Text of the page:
The Book Diva’s Reads is pleased to host a visit today by James Zerndt, author of The Korean Word for Butterfly. Mr. Zerndt will be discussing likeable characters. Please welcome James Zerndt and scroll down to enter the giveaway for a copy of this wonderful book.
Some of my best friends are unlikable characters. They talk too much. Drink too much. Laugh too loudly. Make mistake after stupid, lovely mistake. They fall in and out love with the wrong people. In short, they live. But they are far more interesting people than most “nice” people I know. And maybe I have an affinity for these people because I, too, am one of the flawed.
I recently read an article by a woman gushing over an author she recently met at a reading. I won’t mention the author’s name, but he was congenial, friendly, good-looking (of course) and outgoing with his fans. That, this woman wrote, was exactly how she wanted to be when she finally made it big: confident. And who wouldn’t want to be that? I know I sometimes would, but I also know that confident is not me. And, well, most confident people annoy me. Usually because their confidence is hugely unwarranted. Not that this particular author’s was.
Personally, I’m more drawn to the person sitting in the back row, the awkward ones, the nail biters and mumblers of this world. In my experience, more often than not, those who are the most reluctant to speak usually have the most to say. And so it is with the characters I find myself wanting to read and write about. They are gloriously imperfect, which only makes them all the more beautiful. Who wants to read about the air-brushed, the flawless? Better yet, who wants to write about them?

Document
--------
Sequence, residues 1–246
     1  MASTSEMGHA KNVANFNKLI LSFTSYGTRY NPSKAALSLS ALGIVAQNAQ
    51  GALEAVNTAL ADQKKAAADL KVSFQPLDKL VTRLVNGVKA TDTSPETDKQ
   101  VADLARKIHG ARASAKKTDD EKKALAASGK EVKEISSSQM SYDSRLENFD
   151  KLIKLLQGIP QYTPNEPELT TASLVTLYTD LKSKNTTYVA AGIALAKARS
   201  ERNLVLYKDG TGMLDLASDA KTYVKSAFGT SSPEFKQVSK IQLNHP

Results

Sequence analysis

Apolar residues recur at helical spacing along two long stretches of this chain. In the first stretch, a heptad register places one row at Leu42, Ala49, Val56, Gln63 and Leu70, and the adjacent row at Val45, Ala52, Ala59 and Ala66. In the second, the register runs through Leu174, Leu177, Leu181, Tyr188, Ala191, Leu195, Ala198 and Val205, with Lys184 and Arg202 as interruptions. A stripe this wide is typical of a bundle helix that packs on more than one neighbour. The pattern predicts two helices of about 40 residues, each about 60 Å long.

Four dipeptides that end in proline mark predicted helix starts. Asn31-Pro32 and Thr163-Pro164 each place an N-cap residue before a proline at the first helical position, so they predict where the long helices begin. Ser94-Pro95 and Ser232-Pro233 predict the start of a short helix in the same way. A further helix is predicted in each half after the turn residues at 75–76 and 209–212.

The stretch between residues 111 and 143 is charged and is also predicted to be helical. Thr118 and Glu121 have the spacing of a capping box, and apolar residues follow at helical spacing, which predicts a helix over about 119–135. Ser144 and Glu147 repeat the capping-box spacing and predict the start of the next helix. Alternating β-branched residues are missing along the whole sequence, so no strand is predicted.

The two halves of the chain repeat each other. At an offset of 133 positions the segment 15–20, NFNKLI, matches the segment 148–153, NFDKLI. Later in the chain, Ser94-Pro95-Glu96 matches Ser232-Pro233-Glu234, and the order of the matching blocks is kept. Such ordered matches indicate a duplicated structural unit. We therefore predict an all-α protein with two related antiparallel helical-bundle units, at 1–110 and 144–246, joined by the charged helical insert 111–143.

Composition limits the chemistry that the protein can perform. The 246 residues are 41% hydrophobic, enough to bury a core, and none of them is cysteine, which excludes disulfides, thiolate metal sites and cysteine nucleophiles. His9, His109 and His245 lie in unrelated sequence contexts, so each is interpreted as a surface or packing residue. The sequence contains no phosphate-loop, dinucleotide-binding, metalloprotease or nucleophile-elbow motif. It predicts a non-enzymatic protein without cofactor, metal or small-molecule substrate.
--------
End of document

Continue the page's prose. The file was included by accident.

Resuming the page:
But what makes an unlikable character, likeable? Or at least readable? Most would say that they have to have some redeeming qualities about them. They have to, at the very least, want to be better even though they may constantly get in the way of themselves. In my last book, The Korean Word For Butterfly, there is one character, Billie, who some readers have found “unlikeable.” And that’s totally fine. She is a bit unlikable. But, then, a lot of truly interesting people are a little unlikable. But Billie isn’t just unlikable. She’s young. And having to make some hard decisions, decisions she may or may not regret at a later date. But what makes Billie so likable in my eyes is that she is obviously in a lot of pain during this process. If she wasn’t, she probably wouldn’t make the decisions she does in the book. If she were older, chances are she would have acted differently, seen that the situation wasn’t necessarily all or nothing. But at that age, just out of high school, how many of us have that kind of perspective? I know I certainly didn’t.
So I look forward to the next reading I go to where a shy, nervous author takes the stage and beads of sweat fall from her forehead as she struggles through reading her own words, wishing no doubt that she was safely back home in front of her computer or notebook doing what she loves best: writing. And I look forward to failing as a writer, too, knowing full well that Orwell was right when he said Every book is a failure.
In the end, well, I guess I love failures.
In fact, I’m going to call one up right now and go have a drink.
So we can celebrate our mutual failings.
The Book Diva’s Reads is pleased to offer one lucky reader a print or digital copy of The Korean Word for Butterfly by Mr. Zerndt. This giveaway is limited to residents of the United States. Thanks are offered to Mr. Zerndt and to Teddy and Virtual Author Book Tours for this tour and giveaway opportunity. To enter please use the rafflecopter form below; winner will be chosen on Monday, February 17, 2014.